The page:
Chapter 4, Problem 26P

### Single Variable Calculus: Early Tr...

8th Edition
James Stewart
ISBN: 9781305270343

Chapter
Section

### Single Variable Calculus: Early Tr...

8th Edition
James Stewart
ISBN: 9781305270343
Textbook Problem

# A hemispherical bubble is placed on a spherical bubble of radius 1. A smaller hemispherical bubble is then placed on the first one. This process is continued until n chambers, including the sphere, are formed. (The figure shows the case n = 4.) Use mathematical induction to prove that the maximum height of any bubble tower with n chambers is 1 + n .

To determine

To prove: The maximum height of any bubble tower with n chambers is 1+n by using mathematical induction.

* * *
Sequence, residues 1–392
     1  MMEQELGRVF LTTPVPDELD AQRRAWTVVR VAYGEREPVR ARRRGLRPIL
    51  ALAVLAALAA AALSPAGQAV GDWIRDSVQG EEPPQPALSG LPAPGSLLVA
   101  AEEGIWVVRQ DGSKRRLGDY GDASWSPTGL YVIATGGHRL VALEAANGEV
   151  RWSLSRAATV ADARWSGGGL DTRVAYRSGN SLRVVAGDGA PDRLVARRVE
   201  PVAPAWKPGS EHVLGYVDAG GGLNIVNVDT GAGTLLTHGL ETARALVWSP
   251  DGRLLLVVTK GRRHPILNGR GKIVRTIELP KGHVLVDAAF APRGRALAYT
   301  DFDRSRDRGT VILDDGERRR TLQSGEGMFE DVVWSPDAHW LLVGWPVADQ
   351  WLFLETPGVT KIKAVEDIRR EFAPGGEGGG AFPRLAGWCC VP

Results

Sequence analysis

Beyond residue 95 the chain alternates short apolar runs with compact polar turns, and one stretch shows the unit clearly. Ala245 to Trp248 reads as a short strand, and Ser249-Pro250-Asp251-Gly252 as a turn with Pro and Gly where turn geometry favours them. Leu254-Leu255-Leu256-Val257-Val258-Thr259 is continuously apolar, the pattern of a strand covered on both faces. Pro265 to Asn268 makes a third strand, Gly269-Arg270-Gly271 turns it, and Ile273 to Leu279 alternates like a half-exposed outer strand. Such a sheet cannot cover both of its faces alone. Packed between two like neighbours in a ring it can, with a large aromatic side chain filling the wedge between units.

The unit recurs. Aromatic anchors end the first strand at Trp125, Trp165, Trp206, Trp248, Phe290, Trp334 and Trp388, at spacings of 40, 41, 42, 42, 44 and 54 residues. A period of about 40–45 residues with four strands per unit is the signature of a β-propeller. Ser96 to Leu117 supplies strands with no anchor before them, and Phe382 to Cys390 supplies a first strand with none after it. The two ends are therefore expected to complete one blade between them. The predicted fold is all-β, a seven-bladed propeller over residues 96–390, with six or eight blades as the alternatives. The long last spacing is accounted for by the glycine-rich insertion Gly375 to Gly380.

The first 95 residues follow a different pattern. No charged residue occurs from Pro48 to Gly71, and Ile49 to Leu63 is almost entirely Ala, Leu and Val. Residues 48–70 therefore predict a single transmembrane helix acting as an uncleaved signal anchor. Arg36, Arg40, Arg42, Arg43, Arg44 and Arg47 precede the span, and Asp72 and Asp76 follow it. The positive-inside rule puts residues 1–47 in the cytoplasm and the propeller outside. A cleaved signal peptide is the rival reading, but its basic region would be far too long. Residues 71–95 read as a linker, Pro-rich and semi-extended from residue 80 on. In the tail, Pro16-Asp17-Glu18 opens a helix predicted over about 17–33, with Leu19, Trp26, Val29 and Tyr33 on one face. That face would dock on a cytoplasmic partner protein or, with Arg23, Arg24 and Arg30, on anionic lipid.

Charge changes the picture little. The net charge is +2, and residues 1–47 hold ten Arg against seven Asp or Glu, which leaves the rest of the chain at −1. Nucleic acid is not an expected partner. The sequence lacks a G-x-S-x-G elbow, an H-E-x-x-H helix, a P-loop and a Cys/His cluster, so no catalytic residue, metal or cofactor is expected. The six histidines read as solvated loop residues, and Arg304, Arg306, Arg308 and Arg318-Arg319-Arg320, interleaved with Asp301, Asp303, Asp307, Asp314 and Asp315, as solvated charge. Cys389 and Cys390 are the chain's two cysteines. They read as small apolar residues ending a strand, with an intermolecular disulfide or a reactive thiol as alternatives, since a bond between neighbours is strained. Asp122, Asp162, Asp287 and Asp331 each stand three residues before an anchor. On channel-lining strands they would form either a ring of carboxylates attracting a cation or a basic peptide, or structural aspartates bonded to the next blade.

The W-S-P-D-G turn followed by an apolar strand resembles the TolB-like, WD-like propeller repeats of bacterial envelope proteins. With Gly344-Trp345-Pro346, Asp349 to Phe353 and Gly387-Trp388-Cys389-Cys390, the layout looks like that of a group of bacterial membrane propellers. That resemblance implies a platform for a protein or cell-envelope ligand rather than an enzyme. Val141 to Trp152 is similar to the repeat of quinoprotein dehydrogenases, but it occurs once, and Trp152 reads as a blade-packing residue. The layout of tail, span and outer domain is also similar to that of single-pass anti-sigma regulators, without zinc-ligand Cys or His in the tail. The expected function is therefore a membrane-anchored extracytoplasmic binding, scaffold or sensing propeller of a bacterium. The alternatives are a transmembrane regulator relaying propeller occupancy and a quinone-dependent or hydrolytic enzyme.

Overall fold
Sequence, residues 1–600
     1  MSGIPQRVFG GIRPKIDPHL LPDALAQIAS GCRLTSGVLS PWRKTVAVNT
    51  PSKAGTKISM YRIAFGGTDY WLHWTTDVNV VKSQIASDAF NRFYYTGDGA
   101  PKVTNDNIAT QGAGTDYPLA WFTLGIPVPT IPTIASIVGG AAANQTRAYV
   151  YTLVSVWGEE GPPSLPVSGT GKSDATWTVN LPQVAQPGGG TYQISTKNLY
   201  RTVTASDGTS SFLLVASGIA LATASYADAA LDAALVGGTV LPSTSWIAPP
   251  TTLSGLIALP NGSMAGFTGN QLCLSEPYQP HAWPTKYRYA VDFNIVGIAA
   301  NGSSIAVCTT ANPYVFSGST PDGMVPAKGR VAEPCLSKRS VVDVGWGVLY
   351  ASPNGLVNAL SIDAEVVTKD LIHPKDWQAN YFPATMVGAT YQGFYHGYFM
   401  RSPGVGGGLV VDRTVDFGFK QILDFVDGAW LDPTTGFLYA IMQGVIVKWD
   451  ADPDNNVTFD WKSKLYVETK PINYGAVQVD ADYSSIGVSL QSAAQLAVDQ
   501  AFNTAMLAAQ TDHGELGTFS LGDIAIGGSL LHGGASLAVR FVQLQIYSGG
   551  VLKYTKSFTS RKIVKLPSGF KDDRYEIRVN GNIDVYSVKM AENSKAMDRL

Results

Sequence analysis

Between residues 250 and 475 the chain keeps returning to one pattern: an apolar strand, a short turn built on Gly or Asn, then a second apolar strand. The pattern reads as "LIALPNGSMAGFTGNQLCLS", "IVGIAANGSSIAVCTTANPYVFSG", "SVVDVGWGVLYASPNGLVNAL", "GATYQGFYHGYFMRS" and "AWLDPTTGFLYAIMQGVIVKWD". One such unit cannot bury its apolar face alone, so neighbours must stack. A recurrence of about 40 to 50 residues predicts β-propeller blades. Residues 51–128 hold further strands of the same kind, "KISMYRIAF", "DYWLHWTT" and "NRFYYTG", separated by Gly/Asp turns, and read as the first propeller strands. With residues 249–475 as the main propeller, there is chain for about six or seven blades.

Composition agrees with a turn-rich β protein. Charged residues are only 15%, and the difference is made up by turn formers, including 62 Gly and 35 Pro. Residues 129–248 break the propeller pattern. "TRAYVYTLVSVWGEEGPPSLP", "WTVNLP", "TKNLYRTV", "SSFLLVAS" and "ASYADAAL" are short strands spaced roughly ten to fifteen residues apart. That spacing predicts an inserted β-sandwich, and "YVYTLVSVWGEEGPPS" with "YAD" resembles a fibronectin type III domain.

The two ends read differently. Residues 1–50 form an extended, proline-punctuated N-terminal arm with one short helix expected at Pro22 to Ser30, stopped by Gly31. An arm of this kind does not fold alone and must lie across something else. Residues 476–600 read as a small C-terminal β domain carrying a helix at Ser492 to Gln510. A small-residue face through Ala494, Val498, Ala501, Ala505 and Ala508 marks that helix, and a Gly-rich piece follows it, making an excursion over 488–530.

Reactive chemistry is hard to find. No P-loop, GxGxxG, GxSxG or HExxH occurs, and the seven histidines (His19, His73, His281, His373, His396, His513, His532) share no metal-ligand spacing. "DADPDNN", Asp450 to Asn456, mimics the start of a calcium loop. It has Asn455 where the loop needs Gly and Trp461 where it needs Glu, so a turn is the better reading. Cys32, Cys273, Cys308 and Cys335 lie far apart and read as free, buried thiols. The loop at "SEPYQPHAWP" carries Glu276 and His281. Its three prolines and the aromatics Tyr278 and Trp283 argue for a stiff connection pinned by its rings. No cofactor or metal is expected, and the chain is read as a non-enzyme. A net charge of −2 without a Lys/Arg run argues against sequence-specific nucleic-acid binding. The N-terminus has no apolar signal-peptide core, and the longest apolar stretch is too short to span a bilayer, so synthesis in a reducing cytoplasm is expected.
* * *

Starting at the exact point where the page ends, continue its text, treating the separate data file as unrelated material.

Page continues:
Explanation

Given:

A hemispherical bubble is placed on a spherical bubble of radius 1.

A smaller bubble is then placed on first one and this process is continued.

Calculation:

First derive the expression of the radii of the bubble in the hemispherical bubbles in recurring form.

Let Rn denote the radius of the nth bubble placed.

Then distance up to (n + 1)th bubble is given by d(Rn+1)=Rn2Rn+12+Rn+1Rn

Note that Rn2Rn+12 exists since radii are in decreasing order

Put Rn+1=x thus obtain that d(x)=Rn2x2+xRn .

Differentiate d(x) with respect to x,

d(x)=xRn2x2+1

Set d(x)=0 and deduce that

xRn2x2+1=0xRn2x2=12x2=Rn2x=22Rn

As Rn+1=x thus Rn+1=22Rn

Use second principle of mathematical induction to prove the result.

If n=1 then the maximum height is 2 which is nothing but 1+1 .

Thus, the result holds for n=1 .

Induction hypothesis assume that result holds for n bubbles and prove that it also holds for n+1 .

The bubble which at the bottom has its radius equal to 1 as this is given.

Assume the radius of second bubble to be y

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